Slipping and Sliding

I live in the Mid-West.  I live in a place where it snows.  It is a fact of life that when it snows, there will be ice.  Ice can sneak up on you.  Sometimes you think the ground is clear and it isn’t and in a blink you can find yourself on the ground.   That is what happened to me today.  I was walking out of Best Buy after purchasing a replacement television for our basement.  I wasn’t going too fast.  I just hit the ice right and  bam, there I was on my butt.  I lay there on the ground for a minute composing myself and doing a quick mental inventory of my parts.  Other than my ankle, it seemed like all systems were go.  So I gingerly pushed myself up into an upright position and hobbled to my car.

I was not at my car before two worker bees were outside sprinkling salt on the ground.  This is great because the next unsuspecting soul will not meet my same demise.  I pulled my car up, got out and asked why no one came out to see if I was ok?  No one asked me if I was injured or offered me a hand up.  The response was, “We didn’t know it was icy out.”  Well duh you didn’t know it was icy out, but that wasn’t what I asked.  They loaded my television in my car and I drove away.  Not one inquiry about my physical well-being.

This irritated me.  I called the manager.  I told the receptionist what happened; she apologized, but didn’t ask me if I was alright.  I told the manager the story; he did not ask me if I was ok, until I pointed it out to him.

It got me thinking: have we really reached a state of such disrespect or perhaps fear of law suits that we can no longer take a minute to offer our hand to help up another person?  If someone slips on the ice, can’t we ask them if they are ok?  Or take that minute that was spent getting salt to scurry out and offer me a hand up?

I shared this story with my kids, and my oldest explained to me the concept of Tikkun Olam, repairing the world.  He said that part of the concept is that G-d made the world broken; it is why bad things happen to good people.  I had never really thought about it in those terms, I always had thought about it as doing good deeds.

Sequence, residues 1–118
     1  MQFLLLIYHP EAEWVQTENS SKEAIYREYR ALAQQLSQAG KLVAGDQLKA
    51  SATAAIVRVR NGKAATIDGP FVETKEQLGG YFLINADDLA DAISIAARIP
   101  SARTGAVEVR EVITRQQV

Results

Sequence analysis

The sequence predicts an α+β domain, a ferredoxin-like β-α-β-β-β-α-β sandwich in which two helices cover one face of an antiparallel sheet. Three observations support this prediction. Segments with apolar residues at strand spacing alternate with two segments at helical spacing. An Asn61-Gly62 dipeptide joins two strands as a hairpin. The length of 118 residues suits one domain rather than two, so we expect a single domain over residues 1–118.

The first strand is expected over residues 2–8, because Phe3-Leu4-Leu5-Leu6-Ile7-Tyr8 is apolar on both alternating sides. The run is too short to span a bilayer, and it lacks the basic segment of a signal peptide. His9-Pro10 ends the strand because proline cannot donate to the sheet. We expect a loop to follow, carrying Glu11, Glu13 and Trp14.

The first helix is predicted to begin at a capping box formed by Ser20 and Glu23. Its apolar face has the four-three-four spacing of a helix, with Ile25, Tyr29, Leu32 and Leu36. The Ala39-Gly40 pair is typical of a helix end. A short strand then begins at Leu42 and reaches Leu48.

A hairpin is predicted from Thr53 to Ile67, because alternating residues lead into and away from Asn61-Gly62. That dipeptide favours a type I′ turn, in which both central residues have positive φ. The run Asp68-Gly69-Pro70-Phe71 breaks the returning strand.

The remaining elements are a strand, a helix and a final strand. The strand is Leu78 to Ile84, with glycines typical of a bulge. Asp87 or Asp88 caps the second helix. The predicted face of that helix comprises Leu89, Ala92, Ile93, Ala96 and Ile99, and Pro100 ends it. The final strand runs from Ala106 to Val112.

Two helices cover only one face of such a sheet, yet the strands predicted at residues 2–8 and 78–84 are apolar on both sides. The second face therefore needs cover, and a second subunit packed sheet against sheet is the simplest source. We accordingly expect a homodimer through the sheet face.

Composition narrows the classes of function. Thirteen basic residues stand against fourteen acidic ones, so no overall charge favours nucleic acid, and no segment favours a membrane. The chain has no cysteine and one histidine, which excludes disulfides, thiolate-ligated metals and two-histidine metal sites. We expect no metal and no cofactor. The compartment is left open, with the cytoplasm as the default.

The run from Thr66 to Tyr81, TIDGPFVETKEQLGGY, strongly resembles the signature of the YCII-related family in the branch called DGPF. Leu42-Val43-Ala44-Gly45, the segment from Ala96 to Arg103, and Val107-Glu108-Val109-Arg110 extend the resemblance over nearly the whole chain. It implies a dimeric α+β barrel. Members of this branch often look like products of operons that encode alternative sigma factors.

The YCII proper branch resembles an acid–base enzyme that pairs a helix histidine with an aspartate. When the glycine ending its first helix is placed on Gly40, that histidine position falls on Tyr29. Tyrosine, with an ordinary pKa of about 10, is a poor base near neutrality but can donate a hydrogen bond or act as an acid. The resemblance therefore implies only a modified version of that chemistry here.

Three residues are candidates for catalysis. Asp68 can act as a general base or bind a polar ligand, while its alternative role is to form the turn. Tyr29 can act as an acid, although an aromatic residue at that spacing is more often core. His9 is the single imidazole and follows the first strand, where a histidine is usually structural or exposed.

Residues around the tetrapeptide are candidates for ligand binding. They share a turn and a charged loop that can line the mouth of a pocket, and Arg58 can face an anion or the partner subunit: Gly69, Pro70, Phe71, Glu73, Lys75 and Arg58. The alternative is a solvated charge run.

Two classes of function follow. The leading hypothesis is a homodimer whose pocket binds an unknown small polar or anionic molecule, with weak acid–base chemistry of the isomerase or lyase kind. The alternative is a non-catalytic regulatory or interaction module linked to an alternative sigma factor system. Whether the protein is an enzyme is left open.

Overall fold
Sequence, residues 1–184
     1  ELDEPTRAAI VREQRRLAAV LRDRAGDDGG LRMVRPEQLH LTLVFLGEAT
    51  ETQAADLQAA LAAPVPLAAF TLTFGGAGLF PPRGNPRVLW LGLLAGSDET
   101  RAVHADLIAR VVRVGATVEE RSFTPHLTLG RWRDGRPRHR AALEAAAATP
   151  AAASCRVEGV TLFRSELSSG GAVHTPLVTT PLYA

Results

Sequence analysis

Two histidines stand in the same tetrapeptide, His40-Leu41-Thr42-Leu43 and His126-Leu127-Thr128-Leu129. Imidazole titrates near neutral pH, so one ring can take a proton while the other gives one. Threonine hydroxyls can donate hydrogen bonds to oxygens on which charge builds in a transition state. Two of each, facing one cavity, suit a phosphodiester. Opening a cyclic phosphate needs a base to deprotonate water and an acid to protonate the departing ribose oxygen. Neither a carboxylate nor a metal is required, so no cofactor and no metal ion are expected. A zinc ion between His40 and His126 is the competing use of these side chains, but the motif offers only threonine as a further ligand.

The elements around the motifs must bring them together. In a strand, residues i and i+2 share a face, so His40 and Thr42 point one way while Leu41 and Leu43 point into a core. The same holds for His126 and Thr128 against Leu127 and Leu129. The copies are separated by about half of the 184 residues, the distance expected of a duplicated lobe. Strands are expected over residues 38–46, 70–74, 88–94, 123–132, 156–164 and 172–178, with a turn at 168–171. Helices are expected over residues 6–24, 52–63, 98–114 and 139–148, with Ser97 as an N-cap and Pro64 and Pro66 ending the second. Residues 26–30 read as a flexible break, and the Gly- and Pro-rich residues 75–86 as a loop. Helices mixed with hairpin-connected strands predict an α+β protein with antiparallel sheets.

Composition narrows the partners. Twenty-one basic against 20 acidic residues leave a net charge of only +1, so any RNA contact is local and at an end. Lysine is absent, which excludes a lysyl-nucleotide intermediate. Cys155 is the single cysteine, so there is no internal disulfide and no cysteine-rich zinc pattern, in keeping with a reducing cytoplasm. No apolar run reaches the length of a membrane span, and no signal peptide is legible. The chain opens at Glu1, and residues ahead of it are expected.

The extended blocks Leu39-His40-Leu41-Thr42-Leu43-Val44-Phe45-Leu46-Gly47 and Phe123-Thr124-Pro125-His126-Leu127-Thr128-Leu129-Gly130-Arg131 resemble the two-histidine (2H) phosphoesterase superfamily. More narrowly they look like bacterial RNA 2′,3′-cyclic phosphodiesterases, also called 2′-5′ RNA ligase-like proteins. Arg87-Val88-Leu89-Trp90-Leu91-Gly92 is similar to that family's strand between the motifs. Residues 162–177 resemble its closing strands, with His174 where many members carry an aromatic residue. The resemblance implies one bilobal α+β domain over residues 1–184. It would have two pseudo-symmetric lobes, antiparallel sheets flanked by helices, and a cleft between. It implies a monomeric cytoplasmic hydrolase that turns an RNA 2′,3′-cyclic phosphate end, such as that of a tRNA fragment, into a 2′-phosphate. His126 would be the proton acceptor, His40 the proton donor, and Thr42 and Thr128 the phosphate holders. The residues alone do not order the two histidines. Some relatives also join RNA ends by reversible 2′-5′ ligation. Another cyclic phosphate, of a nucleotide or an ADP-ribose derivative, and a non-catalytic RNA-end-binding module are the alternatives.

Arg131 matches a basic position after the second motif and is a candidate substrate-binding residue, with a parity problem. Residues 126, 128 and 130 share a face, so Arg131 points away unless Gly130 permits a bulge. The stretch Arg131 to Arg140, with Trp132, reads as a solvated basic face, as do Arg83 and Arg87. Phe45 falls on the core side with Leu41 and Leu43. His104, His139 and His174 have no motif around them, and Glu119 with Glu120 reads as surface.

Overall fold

Today’s experience really drove home the message for me.  The world is broken if a reasonable adult cannot take a minute to ask another adult if they are injured after a fall on the ice.  I think that we have become so disconnected and afraid that we no longer take a minute to see if anyone is ok.  I’m not sure what has driven us to be this way.  But, my challenge for everyone is to think, what you can do to make the world a better place.  I for one will stop and help someone who has fallen on the ice.  But, maybe it is also holding the door for the person behind you, or saying hi or complimenting a stranger.

Habits are formed over 20 some odd days.  February is a short month.  This month I am going to try and do one kind thing for another person every day.  Maybe I will develop the habit of making the world a better place.  Want to join me?

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2 thoughts on “Slipping and Sliding

  1. I’m someone who always asks if folks are ok, if they need a hand. I’m that guy offering to give directions to tourists looking confused on the corner or crowded around a transit map. So I was disappointed when I read what happened to you, SLP, and made a mental note to up my game.

    Then, this morning on my way to work, I slipped on the T. It had snowed and our subway’s floors were wet and slippery. As I laid on the floor (seriously, my fall was glorious and over the top), I was amazed that folks were staring at me from their seats, but not one person extended a hand or asked if I was ok. As I looked around for something to hold on to, to pull myself up, a passenger actually moved away from me (I grabbed the bar next to his seat). As I limped away, still nothing. And, like you, it left me with a horrible feeling of “what’s wrong with people?”

    I hope your new habits February is going strong. I’ll be joining you. And I hope to figure out a way to get my fellow public transit commuters to join in too…

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